Unfortunately, the field of education is constrained by limits, and the equitable and efficient distribution of income (state and federal funding) and other resources (teachers) remains an issue that managers (educational administrators such as superintendents, school board members and principals) must address annually. In 1989, an educational organization called the National Center on Education and the Economy (NCEE) developed America’s Choice, a school design model based on high quality instructional materials, technical support and professional development for teachers (NCEE, 2009).
Educational/instructional coaches are a central component of America’s Choice (NCEE, 2009). The goal of this paper is to determine whether or not educational managers are making the most fiscally responsible decision when hiring educational/instructional coaches to meet district- and school-based needs. While educational/instructional coaches are an often-used solution in some school districts, managers have other alternatives available to provide support to teachers and students in the classroom. These options utilize different methods of resource allocation. One alternative to “classroom coaching” is making capital improvements.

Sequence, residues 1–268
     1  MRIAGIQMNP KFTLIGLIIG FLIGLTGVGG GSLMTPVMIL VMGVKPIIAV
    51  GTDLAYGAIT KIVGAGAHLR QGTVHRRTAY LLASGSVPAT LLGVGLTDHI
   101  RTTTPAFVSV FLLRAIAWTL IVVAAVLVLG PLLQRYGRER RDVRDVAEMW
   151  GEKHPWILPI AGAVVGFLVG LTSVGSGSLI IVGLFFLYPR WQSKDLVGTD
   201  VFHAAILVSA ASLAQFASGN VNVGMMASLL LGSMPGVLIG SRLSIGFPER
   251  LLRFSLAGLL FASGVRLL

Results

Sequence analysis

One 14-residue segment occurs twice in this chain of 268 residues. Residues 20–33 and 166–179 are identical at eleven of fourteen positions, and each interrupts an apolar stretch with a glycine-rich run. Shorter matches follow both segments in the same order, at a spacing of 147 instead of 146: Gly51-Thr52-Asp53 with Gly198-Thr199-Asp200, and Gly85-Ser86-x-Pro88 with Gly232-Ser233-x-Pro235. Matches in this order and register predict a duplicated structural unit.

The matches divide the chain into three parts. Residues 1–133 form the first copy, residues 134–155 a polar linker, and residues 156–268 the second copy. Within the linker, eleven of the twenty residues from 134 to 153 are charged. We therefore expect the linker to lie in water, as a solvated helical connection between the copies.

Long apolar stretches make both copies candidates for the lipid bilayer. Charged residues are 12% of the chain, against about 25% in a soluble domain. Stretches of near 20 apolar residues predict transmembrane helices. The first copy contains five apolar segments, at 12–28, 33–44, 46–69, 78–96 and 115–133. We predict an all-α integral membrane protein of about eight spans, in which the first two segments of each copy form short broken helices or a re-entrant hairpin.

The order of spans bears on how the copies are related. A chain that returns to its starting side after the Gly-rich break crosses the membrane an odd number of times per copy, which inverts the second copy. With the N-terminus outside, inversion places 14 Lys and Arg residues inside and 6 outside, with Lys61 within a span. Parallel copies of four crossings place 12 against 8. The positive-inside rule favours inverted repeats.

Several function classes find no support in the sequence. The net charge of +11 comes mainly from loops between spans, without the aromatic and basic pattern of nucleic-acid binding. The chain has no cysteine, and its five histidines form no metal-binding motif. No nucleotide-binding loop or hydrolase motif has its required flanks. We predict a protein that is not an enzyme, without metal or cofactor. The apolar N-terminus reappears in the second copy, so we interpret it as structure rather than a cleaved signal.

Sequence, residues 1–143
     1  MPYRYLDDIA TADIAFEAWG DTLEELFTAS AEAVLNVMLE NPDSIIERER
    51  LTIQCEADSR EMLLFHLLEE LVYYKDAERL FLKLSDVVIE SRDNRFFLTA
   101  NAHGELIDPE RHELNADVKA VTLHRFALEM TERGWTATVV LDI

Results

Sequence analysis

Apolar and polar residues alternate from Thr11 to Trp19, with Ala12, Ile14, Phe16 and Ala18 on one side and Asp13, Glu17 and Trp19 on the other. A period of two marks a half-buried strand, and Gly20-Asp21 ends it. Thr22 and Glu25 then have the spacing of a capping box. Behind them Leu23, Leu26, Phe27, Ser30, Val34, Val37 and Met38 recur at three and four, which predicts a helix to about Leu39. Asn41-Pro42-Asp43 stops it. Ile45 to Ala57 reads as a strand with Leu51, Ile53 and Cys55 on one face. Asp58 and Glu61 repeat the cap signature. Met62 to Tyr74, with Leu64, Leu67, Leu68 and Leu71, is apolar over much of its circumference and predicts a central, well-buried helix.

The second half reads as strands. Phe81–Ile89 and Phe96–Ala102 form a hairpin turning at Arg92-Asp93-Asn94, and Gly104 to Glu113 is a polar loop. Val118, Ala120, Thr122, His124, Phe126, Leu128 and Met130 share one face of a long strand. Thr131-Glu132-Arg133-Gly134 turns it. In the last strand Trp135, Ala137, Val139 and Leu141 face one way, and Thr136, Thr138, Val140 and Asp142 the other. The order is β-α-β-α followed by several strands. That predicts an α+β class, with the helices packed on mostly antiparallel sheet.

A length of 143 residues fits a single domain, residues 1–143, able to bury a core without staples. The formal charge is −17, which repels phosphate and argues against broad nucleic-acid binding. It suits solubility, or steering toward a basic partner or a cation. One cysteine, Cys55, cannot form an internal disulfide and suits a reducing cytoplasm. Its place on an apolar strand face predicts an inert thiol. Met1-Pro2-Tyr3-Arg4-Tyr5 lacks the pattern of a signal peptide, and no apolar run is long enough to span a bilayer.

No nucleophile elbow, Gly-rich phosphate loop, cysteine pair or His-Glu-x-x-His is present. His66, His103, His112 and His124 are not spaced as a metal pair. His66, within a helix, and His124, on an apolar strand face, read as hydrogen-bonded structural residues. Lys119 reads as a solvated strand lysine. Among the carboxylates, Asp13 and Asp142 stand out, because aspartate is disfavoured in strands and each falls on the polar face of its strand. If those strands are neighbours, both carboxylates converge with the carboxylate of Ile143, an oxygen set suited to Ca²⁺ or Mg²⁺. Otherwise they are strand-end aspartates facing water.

An example of a capital improvement is upgrading a district’s and/or school’s technological infrastructure. This would involve purchasing computers and/or networks with more memory and larger capacities for data storage and manipulation, increasing the value and useful life of a district’s or school’s technological infrastructure. This could also involve purchasing software such as web-based educational tools for both students and teachers to use. Another option is additional training for teachers through in-service workshops (training provided during the school day) or additional education courses (college and/or university level).